Just about every publicly traded company and most private companies carry D&O insurance. It is just common sense in the current litigious environment. But while most companies recognize the need for D&O insurance, not every company maximizes its investment when purchasing the insurance. In the following guest post, Michael J. Biles, a partner in the Securities Litigation Group at King & Spalding LLP, takes a look based on his perspective as a securities litigator at ten common mistakes many companies make when buying their D&O insurance. In addition to the points Mike makes in his guest post, I would add that companies are likely to avoid these and other common mistakes if they take the time to ensure that the have enlisted the assistance of a knowledgeable and experienced broker in connection with their purchase of D&O insurance.
I would like to thank Mike for his willingness to publish his article on this site. I welcome guest post submissions from responsible authors on topics of interest to readers of the blog. Please contact me directly if you would like to submit a guest post. Here is Mike’s guest post.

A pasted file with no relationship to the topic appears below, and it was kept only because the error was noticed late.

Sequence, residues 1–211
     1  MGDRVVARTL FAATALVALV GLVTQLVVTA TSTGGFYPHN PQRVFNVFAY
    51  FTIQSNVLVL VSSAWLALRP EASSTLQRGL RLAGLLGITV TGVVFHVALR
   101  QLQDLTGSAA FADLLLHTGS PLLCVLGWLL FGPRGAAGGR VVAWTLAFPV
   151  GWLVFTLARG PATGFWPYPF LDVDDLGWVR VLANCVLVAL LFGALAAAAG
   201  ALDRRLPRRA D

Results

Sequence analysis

D&O insurance is a must-have for every public company. The risks and costs of private lawsuits or government investigations are too great for any rational person to serve as an officer or director of a company without a solid D&O insurance policy. After nearly twenty years of defending officers and directors in securities litigation, I have experienced firsthand the hardship caused by inadequate or inappropriate D&O insurance. Contrary to public perception, most officers and directors of public companies are not extraordinarily wealthy – the cost of financing the defense of a securities class action, derivative lawsuit or government litigation (much less of funding a settlement) is too great to bear for most individuals without D&O insurance.
The following are the top ten mistakes that I’ve seen companies make in selecting D&O insurance. Although some of these mistakes concern complex insurance coverage issues, I’ve prepared this article for the non-lawyer, stripped of legalese, so that officers and directors can discuss these issues with their insurance brokers to avoid these mistakes. D&O insurance is a competitive industry. While the core language of a standard D&O policy is generally fixed, companies can, and often do, negotiate better terms in endorsements to the policy.
Continue Reading Guest Post: Ten Mistakes Companies Make When Buying D&O Insurance –A Securities Litigator’s Perspective